Applying for Hong Kong jobs

Applying for Permanent Hong Kong Jobs

applying-for-job-in-hong-kongFor those residing overseas and applying for Hong Kong jobs there will be a lot of employer reservations that you need to overcome. If you are being transferred and are a known and trusted quantity, you will probably find that more is taken on trust and you may get offered better contract terms than an external hire.

If you are the external hire being brought in from outside of Hong Kong you will find that employers will want to be fully assured of your commitment and will want to mitigate risk and up-front employment costs.

Employers offering Hong Kong jobs are usually concerned with:

  • Will you be committed to Hong Kong and why?
  • What do you offer over someone they could hire locally?
  • How long do you want to live in Hong Kong (overseas) and/or stay with the company?
  • What is the cost premium, if any, and how does that (i) align with internal scales and protocols (ii) demonstrate a return-on-investment to the business and (iii) allow the employer to mitigate their risk?

As a result, HR and senior management will want to be assured that you:

  • Are committed to Hong Kong specifically.
  • Have skills unavailable locally.

hong-kong-jobFactors that will give an employer assurance, or not are:

  • Want to be here long enough to provide them with a return on their investment and that they can meet your expectations over that period, so you don’t leave your Hong Kong job prematurely.
  • Bring quantifiable benefits to the business and that the risk factors are identified, so they can be mitigated.
  • Have you lived, worked in or visited Hong Kong? If you come from a Sales or Executive Management background, an employer will want see that you have an extensive local network that you can tap into so the burden of local knowlede/experience will be a lot higher than if you are, say coming to HK to deliver IT projects.
  • Do you have family ties to Hong Kong (experience and support network), or local language capability (Cantonese or regional languages)?
  • Particularly if you don’t have the local experience, have you done your research and made yourself prepared for the relocation? What are the downsides and risks for your family and how will you mitigate and deal with them?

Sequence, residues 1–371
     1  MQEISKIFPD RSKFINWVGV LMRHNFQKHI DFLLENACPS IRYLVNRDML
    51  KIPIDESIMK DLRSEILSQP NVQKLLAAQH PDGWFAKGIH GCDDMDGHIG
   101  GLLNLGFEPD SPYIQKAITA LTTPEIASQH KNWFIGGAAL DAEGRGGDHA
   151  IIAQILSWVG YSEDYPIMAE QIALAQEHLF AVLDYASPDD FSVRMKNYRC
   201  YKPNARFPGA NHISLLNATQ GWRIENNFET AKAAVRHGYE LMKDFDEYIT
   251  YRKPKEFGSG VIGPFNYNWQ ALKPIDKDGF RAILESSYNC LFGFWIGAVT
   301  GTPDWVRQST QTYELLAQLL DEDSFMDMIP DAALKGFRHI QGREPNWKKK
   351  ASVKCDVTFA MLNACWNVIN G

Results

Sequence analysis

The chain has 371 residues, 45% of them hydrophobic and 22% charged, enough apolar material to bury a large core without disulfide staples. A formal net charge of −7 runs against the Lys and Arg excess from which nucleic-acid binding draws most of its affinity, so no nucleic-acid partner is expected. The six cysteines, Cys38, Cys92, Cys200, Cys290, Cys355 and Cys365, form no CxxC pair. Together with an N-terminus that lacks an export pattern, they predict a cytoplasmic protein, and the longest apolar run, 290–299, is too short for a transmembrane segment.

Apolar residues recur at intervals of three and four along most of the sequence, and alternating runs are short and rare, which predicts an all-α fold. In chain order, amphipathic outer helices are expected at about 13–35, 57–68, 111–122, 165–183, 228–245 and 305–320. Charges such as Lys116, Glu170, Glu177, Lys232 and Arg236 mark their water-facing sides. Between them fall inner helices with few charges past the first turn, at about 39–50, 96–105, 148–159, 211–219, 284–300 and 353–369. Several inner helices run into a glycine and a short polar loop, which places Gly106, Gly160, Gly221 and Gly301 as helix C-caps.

Top Tips: When applying to Work in Hong Kong

  • Apply to people, not just to jobs or to organizations – recruiters regularly advertising relevant to jobs and leaders running areas of organisations that would be of interest.
  • If a Recruiter has a relationship, leverage that rather applying online or connecting via LinkedIn, otherwise you will have no differentiation from other candidates. You can’t apply directly and then go through a recruiter if you don’t get a response.
  • Apply to people through referral, using LinkedIn as a last resort. Ask them for referrals. Expect to have to follow up for a response and be open to arranging a meeting.
  • If you have enough people to meet, take a trip to Hong Kong to show you are serious.

Top Tips: When introducing yourself by email identify:

  • What you want to do, not just what you have done.
  • How you are most likely to stand out from job candidates already here and pitch yourself accordingly.
  • Why you are interested in HK, a role or an organisation specifically.
  • That you have done your research by reflecting market rate in your expectations and confirm that you are looking for a hire on local terms.
  • Is the motivation behind the job/relocation about the challenge, the opportunity, lifestyle or ‘just money’?
  • Are the family informed of the adjustments and compromises necessary? What are the risks associated with a spouse who can’t settle, kids who can’t easily get school places or aged relatives at home that may require you to return?